‘Talking is not the answer’ to N. Korean missiles, Trump says

Republican U.S. Presidential nominee Donald Trump attends a campaign event at the Greater Columbus Convention Center in Columbus, Ohio August 1, 2016. REUTERS/Eric Thayer

U.S. President Donald Trump on Wednesday dismissed the idea of negotiating with North Korea in response to Kim Jong Un’s latest provocation in test-firing a missile over Japan.

“The U.S. has been talking to North Korea, and paying them extortion money, for 25 years. Talking is not the answer!” Trump said in a Twitter post.

Kim on Tuesday said the missile test was a “meaningful prelude” to containing the American territory of Guam, adding he will continue to watch the response of the U.S. before deciding on further action.

Trump said in a White House statement Tuesday that “all options are on the table” and that the test increased “the North Korean regime’s isolation in the region and among all nations of the world.”

Kim guided the firing of the intermediate-range strategic ballistic rocket and urged his military to conduct more such launches into the Pacific Ocean in the future, according to a statement from the official Korean Central News Agency.

The missile firing was part of “muscle-flexing” to protest annual military exercises being held between the U.S. and South Korea, KCNA said. North Korea had threatened earlier this month to launch missiles over Japan toward Guam, which prompted warnings of retaliation from American military officials.

It was the first North Korean projectile to fly over Japanese airspace since the regime launched a rocket over Okinawa in 2016, and undermines nascent hopes for dialogue over Kim’s weapons programs. That’s after tensions had appeared to cool following a war of words between U.S. President Donald Trump and Kim earlier this month.

In separate calls U.S. Secretary of State Rex Tillerson agreed with his Japanese and South Korean counterparts the test was “was an escalation of North Korean provocations and showcased the dangerous threat posed by North Korea.” The United Nations Security Council said in a statement it “strongly condemns” the launch, the Associated Press reported.

China is working with the security council in response to the tests but doesn’t favor unilateral sanctions against North Korea, Foreign Minister Wang Yi said at briefing in Beijing on Wednesday.

“China and the DPRK are neighbors, we have a traditionally friendly relationship,” Wang said, referring to North Korea’s formal name. “This is a fact, but at the same time the behavior of the DPRK has violated UN Security Council resolutions and as a member of the security council and a responsible major country…it is necessary for us to make our opposition clear.”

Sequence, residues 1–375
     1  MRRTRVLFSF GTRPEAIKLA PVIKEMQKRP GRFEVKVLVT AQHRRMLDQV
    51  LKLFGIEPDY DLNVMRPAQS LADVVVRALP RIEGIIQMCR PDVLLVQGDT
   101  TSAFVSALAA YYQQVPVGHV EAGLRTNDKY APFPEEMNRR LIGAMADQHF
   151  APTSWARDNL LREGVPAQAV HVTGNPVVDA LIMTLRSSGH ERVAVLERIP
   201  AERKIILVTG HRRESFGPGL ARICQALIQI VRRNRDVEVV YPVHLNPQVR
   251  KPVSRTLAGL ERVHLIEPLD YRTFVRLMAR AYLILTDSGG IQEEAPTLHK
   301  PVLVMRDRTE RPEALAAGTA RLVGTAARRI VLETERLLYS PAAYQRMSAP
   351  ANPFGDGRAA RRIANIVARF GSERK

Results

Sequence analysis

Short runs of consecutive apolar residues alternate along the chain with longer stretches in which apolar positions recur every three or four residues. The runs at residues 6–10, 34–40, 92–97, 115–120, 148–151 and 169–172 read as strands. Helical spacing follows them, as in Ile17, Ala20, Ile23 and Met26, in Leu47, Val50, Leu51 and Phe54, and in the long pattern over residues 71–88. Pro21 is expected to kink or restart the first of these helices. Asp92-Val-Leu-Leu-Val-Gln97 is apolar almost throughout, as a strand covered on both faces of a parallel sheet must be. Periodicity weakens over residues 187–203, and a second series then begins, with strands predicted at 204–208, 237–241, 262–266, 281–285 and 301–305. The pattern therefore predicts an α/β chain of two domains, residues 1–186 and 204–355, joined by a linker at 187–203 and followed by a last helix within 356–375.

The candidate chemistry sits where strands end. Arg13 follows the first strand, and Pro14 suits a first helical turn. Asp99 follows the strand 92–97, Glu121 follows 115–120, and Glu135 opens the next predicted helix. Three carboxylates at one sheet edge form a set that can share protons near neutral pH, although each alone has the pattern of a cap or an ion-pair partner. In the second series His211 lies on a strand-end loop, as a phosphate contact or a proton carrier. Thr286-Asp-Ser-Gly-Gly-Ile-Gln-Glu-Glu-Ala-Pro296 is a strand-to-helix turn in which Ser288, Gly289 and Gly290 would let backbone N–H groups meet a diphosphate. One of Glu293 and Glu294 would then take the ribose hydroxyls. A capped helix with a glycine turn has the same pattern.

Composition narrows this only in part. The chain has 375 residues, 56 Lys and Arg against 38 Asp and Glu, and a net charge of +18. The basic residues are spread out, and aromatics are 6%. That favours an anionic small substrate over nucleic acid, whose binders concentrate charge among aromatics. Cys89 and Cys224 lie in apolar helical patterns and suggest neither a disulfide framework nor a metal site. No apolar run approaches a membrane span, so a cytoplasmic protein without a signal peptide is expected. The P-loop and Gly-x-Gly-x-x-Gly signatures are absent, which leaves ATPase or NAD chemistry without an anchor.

The KCNA report said the launch was the first of its kind from the capital. The missile was fired from Pyongyang Airport, according to The James Martin Center for Nonproliferation Studies North Korea Missile Test Database.

KCNA said that Kim approved the missile test to “make the cruel Japanese islanders insensible on bloody August 29 when the disgraceful ‘Korea-Japan Annexation Treaty’ was proclaimed 107 years ago.”

Japanese Prime Minister Shinzo Abe on Tuesday called the launch “an unprecedented, grave and serious threat,” while Trump reiterated that “all options” are under consideration in response to Pyongyang’s actions. Abe and South Korean President Moon Jae-in agreed in a call Wednesday to raise pressure on North Korea to the “maximum” level, according to a statement by Moon spokesman Park Su-hyun.

“The world has received North Korea’s latest message loud and clear: this regime has signaled its contempt for its neighbors, for all members of the United Nations, and for minimum standards of acceptable international behavior,” Trump said in a statement Tuesday.

Still, the U.S. response to far has avoided the heated rhetoric of earlier this month, when Trump warned of “fire and fury” against the regime if it continued to threaten the U.S. Stocks in Asia rebounded Wednesday after Trump’s statement, while the yen fell against the dollar.

North Korea has shown recent advancements in its technology by testing intercontinental ballistic missiles at high altitudes, reflecting progress toward being able to reach the continental U.S. with a nuclear warhead. That has happened despite further international sanctions aimed at squeezing Kim’s economy.

North Korea has said it won’t place its nuclear program on the negotiating table unless the U.S. drops its “hostile” policies. It has strongly protested the military drills between the U.S. and South Korea, saying they are aimed at regime change and could spark an accidental war.



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